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The Australian Tax Office (ATO) has updated its guidance for those non-resident businesses that make supplies of goods, services, or digital products to consumers or GST-registered businesses in Australia, with a couple of changes due to occur next year and a change last month.
Since October 1, 2016, certain transactions between overseas businesses and Australian businesses are no longer subject to goods and services tax. It is intended that non-resident businesses should no longer be drawn unnecessarily into Australia's GST system, reducing their overall compliance costs. The law companion guide LCG 2016/1 "GST and carrying on an enterprise in the indirect tax zone (Australia)" explains the application of this change.
From July 1, 2017, goods and services tax will apply to cross-border supplies of digital products and other services imported by Australian consumers. This includes digital products such as streaming or downloading of movies, music, apps, games, and e-books, as well as services such as architectural or legal services.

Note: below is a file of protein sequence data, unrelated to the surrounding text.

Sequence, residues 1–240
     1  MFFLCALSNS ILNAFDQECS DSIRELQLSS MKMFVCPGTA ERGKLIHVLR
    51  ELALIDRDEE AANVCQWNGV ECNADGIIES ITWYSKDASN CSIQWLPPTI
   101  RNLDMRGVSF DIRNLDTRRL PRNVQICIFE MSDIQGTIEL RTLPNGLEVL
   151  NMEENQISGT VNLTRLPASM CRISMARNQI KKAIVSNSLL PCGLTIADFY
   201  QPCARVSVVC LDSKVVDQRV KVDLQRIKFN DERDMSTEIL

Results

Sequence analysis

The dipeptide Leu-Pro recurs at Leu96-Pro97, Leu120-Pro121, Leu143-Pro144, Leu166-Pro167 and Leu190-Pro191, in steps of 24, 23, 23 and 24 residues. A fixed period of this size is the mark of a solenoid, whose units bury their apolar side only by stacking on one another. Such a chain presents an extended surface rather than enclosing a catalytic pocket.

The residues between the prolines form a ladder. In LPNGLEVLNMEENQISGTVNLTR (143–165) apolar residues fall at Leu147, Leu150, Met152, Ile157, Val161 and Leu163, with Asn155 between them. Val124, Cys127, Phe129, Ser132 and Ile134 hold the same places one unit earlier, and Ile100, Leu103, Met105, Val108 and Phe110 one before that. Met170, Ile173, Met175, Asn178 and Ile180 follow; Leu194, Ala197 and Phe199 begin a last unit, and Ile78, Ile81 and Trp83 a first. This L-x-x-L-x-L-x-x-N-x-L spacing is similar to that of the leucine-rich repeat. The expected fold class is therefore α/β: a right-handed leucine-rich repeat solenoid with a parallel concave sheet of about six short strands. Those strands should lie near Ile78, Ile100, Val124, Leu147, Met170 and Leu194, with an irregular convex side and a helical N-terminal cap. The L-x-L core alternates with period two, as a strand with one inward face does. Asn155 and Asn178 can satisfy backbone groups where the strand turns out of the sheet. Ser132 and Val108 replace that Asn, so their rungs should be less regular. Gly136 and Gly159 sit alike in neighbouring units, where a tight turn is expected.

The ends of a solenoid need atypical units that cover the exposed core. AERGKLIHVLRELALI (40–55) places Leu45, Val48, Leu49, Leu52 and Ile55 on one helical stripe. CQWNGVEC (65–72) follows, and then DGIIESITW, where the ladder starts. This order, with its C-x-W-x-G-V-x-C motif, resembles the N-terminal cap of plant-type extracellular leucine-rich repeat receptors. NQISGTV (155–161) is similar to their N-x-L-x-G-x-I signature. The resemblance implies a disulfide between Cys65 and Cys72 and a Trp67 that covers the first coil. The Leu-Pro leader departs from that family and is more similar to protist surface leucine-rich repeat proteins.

The change applies to those entities that meet the registration turnover threshold of AUD75,000 (USD57,575).
In addition, from July 1, 2017, non-resident suppliers who sell low value goods to any consumer based in Australia meet the registration turnover threshold of AUD75,000 will need to: register for the Australian GST; and report and pay GST to the ATO.
This includes all taxable goods that have a value equal to or less than AUD1,000. The removal of such exemptions for low-value consignments was proposed in the OECD's Action 1 report on base erosion and profit shifting (BEPS) and the digital economy. Law for this measure is yet to be enacted.
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